Honey Cutt’s album Coasting is an ode to everyday life, with music that is as familiar as it is surprising, as romantic as it is melancholy.  

Released last March at the tail end of a gray East Coast winter, Honey Cutt’s Coasting cracks a window and lets some fresh air into the bedroom rock sound. The Boston trio, known as Baby! before a name switch in 2018, is fronted by guitarist, singer, and Florida native Kaley Honeycutt.  Bassist Ari Blut and drummer Chris Chew complete the group, which is signed to Kanine Records. This latest ten-track record embodies their self-described sound, “dreamy indie rock with surf sensibilities,” with creativity and ease.

Coasting is a soundtrack to the album’s titular feeling: finally reaching the downhill part of your bike ride, when you can let the pedals go and just glide. There’s a gentleness to each guitar riff that grounds the album from track to track and complements Honeycutt’s laid back vocal delivery immaculately. 

The album’s sonic consistency is not to be mistaken for predictability; it’s peppered with little surprises, like the duet in “Hung Up on Me” and the classical inspiration in “Judas Waltz.” The latter track, which follows the progression of a relationship from its rose-colored beginning to its sudden end, shows the group’s willingness to experiment with a variety of musical influences.  Honeycutt sings about the ecstasy of new love over a watery guitar and upbeat percussion, before switching into a slow 3/4 waltz to describe the demise of the relationship.  The band puts a new spin on the traditional sting of romantic betrayal.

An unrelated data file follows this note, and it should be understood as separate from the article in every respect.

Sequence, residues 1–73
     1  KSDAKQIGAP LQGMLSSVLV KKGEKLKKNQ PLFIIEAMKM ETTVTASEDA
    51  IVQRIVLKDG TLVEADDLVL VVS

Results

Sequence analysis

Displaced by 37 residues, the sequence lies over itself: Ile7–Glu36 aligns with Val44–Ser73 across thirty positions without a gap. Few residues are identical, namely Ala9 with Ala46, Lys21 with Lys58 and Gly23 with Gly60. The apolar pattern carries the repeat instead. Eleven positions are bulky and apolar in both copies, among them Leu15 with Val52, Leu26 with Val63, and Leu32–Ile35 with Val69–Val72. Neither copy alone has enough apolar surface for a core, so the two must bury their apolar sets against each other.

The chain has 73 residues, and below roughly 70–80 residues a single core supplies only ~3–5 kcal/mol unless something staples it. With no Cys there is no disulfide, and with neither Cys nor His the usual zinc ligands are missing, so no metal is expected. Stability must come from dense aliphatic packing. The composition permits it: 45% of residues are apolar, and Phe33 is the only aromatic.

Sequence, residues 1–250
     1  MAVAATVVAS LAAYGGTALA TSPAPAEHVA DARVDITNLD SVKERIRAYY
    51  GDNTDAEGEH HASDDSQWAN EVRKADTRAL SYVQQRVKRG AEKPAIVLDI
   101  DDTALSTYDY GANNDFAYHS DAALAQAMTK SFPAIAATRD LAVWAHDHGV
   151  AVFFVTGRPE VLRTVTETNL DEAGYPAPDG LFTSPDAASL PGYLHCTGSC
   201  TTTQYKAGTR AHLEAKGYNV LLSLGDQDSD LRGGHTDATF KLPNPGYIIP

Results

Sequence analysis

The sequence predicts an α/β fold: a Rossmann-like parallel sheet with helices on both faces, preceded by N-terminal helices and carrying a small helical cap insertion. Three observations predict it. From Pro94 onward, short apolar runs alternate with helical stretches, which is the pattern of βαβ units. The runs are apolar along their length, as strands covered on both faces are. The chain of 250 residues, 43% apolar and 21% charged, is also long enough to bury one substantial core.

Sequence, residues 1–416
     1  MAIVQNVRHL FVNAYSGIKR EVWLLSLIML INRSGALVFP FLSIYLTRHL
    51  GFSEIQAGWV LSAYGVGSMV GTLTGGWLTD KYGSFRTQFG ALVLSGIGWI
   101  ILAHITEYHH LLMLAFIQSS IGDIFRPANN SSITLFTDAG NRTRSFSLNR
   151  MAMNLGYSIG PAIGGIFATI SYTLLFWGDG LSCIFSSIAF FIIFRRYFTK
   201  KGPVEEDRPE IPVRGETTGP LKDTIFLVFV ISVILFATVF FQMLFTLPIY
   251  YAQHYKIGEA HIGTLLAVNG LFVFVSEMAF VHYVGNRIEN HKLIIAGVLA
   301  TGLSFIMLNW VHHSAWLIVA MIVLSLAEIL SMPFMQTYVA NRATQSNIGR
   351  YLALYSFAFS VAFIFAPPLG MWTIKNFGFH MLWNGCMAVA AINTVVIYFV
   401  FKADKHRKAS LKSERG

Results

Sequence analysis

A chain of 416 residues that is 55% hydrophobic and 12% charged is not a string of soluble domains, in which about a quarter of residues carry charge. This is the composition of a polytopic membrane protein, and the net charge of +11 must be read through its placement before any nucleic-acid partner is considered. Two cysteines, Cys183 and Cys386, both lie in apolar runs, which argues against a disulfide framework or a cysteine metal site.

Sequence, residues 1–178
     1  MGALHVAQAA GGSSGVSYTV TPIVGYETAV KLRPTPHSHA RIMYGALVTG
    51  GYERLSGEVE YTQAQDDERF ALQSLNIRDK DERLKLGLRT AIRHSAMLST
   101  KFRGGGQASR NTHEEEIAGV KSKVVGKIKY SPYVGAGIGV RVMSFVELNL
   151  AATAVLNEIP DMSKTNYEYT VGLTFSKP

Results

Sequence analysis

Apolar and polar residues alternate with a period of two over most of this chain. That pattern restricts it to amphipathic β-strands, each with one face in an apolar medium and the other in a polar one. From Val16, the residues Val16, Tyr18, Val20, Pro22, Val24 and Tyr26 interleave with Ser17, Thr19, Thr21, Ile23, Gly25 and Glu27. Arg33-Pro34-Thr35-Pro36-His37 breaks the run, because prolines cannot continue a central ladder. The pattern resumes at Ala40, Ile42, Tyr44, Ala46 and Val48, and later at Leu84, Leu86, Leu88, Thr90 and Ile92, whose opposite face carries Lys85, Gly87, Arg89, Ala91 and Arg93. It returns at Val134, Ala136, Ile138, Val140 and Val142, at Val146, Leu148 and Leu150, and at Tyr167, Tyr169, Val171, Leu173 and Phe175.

As the Beach Boys have clarified, vocals can make or break any surf rock song.  Though the band steers clear of five-part harmonies, they often layer different takes of Honeycutt’s vocals.  This move expands tracks like “Gentleness” and “All I Have” rather than overcrowds them. Honeycutt’s vocals have a sense of intimacy and familiarity to them, and many of the songs on Coasting feel like a friend recounting random parts of her day or hiccups in her relationship.   

The album doesn’t shy away from heavier topics, touching on loneliness and familial strife, but Honey Cutt guides the listener through them with witty lyrics and meandering guitar licks. Coasting skates on the edge of melancholia, gently letting you know it’s present, without dragging you there.  

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